The statement in the letter to all congregations does not included any condition but is a confirmation that they ARE the fds.
I don't see inconsistency between the two statements. The GB asserts itself to be the FDS. This is made plain enough in published statements from Watchtower. To then testify to the RC that the GB sees itself as trying to fulfill that role is only a different way of in effect saying "This is why we claim to be the FDS."
apollos0fAlexandria wrote:
52 years ago
One thing I noticed was how the ex-JW community reacted to the question being presented to either Spitz or Toole (can't remember which one now) as to whether he had heard of the term "theocratic warfare". I am sure there was a big push by that community to impress upon the RC that this was a recognized policy by the organization, and permits them to lie to courts. The same community accused the witness of lying when he denied knowledge of the term. However I don't think he was. It's a really old term now and used outside the org, but not inside. I don't know any active elder who would know what it meant.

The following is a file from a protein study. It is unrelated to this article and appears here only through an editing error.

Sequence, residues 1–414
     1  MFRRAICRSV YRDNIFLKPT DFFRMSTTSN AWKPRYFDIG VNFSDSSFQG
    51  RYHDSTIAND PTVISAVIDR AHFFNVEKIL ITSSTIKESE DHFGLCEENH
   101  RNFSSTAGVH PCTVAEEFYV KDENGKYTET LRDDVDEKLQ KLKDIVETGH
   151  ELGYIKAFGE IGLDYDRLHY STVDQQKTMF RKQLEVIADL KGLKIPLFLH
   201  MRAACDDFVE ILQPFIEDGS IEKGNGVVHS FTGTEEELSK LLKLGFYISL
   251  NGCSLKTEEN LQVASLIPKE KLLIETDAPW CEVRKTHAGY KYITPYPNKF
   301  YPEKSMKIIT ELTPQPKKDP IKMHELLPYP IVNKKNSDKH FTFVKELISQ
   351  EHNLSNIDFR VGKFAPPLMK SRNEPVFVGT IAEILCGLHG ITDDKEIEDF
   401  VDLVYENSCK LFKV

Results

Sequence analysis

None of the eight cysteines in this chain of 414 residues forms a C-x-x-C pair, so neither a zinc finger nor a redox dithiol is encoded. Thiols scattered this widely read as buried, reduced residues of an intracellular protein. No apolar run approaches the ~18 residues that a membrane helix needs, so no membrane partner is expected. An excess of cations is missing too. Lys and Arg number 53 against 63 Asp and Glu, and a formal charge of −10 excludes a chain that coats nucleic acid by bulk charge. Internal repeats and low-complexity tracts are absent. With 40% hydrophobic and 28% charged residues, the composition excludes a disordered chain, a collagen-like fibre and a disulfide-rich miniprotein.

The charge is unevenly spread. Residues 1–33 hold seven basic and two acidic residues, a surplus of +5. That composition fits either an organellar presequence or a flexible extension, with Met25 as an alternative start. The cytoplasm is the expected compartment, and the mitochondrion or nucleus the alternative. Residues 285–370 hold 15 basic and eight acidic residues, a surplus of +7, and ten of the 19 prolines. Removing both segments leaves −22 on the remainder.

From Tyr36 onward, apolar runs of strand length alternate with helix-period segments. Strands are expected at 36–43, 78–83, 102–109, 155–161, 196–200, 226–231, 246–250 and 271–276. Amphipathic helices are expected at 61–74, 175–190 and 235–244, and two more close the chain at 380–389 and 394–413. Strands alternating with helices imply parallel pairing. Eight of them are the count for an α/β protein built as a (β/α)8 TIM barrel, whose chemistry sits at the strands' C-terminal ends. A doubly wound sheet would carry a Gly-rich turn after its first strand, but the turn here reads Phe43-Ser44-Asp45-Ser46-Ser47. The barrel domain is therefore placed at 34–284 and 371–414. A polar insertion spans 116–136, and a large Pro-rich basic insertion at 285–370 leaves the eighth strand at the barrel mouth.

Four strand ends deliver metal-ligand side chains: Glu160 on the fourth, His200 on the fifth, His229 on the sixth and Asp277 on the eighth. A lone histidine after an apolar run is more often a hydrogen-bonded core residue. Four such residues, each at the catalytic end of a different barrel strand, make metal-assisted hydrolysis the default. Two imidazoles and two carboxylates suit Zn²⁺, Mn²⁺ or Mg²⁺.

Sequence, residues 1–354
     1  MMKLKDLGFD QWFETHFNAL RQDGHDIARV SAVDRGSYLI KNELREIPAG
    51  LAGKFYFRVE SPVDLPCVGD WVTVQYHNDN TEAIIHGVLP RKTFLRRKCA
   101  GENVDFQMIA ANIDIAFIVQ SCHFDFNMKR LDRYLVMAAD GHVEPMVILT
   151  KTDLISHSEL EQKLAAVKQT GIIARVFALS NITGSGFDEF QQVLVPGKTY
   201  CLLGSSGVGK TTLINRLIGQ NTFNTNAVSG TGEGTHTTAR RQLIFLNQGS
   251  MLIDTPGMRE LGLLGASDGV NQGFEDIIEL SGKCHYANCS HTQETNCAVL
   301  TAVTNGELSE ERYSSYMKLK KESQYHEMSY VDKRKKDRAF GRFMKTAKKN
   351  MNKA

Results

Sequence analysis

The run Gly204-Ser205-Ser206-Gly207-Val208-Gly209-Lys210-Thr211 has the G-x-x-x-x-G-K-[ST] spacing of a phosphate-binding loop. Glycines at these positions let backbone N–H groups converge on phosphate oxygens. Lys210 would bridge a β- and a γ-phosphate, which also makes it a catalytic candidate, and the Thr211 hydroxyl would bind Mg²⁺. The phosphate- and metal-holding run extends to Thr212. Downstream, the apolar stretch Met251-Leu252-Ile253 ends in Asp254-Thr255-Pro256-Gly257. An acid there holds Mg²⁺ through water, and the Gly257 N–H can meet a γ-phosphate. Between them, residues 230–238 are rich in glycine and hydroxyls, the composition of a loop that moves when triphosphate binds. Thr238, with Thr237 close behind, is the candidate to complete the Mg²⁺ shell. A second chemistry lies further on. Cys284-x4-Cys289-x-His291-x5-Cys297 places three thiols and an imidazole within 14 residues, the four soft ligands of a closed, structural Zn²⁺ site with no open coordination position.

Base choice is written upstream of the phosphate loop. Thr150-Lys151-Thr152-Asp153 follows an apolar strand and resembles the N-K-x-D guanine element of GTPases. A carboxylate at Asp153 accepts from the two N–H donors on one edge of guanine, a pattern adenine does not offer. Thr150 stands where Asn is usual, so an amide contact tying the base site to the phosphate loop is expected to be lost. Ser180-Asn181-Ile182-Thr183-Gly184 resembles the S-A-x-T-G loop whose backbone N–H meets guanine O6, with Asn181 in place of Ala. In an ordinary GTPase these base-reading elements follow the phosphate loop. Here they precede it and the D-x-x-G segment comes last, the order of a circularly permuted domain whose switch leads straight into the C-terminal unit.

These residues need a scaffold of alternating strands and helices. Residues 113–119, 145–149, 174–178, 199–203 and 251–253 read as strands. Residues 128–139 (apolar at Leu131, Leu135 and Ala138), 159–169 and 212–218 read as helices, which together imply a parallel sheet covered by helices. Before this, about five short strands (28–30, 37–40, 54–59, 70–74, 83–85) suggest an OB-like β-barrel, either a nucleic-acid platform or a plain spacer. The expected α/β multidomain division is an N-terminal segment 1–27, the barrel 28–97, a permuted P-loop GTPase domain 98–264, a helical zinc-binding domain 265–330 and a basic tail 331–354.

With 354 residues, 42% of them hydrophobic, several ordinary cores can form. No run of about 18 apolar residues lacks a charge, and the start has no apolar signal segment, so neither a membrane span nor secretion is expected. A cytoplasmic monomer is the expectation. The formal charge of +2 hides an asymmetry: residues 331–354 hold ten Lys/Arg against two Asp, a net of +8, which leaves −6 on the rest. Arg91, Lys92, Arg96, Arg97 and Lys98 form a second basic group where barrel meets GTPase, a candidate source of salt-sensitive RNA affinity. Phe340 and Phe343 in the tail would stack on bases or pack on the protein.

It was Toole. Based on his baptism being in the 1970s he claimed to have not considered what had been published in the 1950s. The implication was that he was unfamiliar with the doctrinal position though he had heard the term of something akin to it.

I found this piece of testimony incredible (meaning: I found that it had no credibility) because it was coming from a JW who's trained as a solicitor, and solicitors by training look for and make distinctions regarding true, false and misleading testimony. Hence it is inconceivable to me that Toole never looked up the term "LIES" in the Watch Tower Publications Index 1930-1985 (published in 1986!!!). For goodness sakes, the 9th item down is "distinguished from “theocratic war strategy" with relevant references! How does a person miss that? For Toole to tell me he was unaware of this based on being baptized in the 70s is nothing short of outright dishonesty. I would not, could not and do not believe him. The only other barely conceivable alternative is that Toole is hopelessly incompetent both as a Bethel Elder and Solicitor trained at mine and your expense (Watchtower sent him to law school on our dime!)

apollos0fAlexandria
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Re: Geoffrey Jackson's Testimony Before the Royal Commission

#9 Post by apollos0fAlexandria » 6 years ago

Marvin Shilmer wrote:
52 years ago